AWS for M&E Blog

Aligning AWS security services to MovieLabs Common Security Architecture for Production (CSAP)

In this blog post, we provide a primer on MovieLabs and its publications to date that focus on security, AWS’ take on the foundational concepts in the MovieLabs security architecture, and preview the remaining blogs in this series.

The media and entertainment industry is no stranger to disruptive innovation. One of the most significant transformations in the industry has been the move from analog recording mediums to digital. This change allowed for dailies workflows where post-production can happen earlier in the production process, reducing the time it takes to create a show or movie.

Today, Amazon Web Services (AWS) is helping media customers scale content creation in the cloud to meet consumer and business demands for new, original content. The cloud is the next disruptor for the media and entertainment industry and industry organizations recognize it. In 2019, Motion Picture Laboratories, Inc. (MovieLabs) penned a bold vision for the future of episodic, feature, and media productions where the cloud plays a critical role in achieving the vision.

Guided by 10 principles, the MovieLabs 2030 vision describes a future where all workflows are software-defined, security is built-in and non-disruptive to creative staff, and the cloud serves as the single source-of-truth for asset ingestion and the primary destination for production workflows. The MovieLabs 2030 vision serves as a roadmap to guide technology vendors and cloud service providers on the journey to create more cloud-native tooling that accelerates content production and enables creatives to do what they do best, create captivating content for film and TV.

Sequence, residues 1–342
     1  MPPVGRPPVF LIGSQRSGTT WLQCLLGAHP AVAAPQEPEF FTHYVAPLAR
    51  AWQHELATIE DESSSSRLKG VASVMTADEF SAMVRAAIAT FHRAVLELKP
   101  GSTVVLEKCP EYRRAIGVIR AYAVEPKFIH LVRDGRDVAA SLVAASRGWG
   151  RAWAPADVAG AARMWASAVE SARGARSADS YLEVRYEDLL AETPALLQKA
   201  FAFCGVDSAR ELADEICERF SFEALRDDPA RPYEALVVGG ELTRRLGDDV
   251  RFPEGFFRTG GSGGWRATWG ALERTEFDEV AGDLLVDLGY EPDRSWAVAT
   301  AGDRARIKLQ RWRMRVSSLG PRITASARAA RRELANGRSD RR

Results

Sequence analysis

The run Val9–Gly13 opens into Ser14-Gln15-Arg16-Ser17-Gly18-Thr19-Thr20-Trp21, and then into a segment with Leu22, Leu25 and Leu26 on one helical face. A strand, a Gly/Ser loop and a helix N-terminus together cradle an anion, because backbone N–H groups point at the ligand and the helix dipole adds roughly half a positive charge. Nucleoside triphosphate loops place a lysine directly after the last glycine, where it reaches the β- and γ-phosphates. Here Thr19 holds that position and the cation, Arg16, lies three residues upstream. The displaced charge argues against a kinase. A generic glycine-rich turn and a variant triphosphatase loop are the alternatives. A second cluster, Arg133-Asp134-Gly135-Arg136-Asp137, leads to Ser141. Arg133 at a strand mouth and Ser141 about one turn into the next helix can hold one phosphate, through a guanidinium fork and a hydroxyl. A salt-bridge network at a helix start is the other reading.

As a first stop in the roadmap, MovieLabs double-clicked on security and published a whitepaper focused on the evolution of production security, which laid the foundation for a security architecture to support the 2030 vision. The Common Security Architecture for Production (CSAP) outlines a reference architecture that illustrates a way to securely build and operate production workflows in the cloud at scale. The CSAP is a 6-part framework that includes an architecture description, interface definition, security levels, software-defined workflow alignment, implementation considerations, and a policy description language. There are three foundational concepts that underpin the CSAP architecture:

  1. Zero Trust architecture
  2. Intrinsic vs. extrinsic security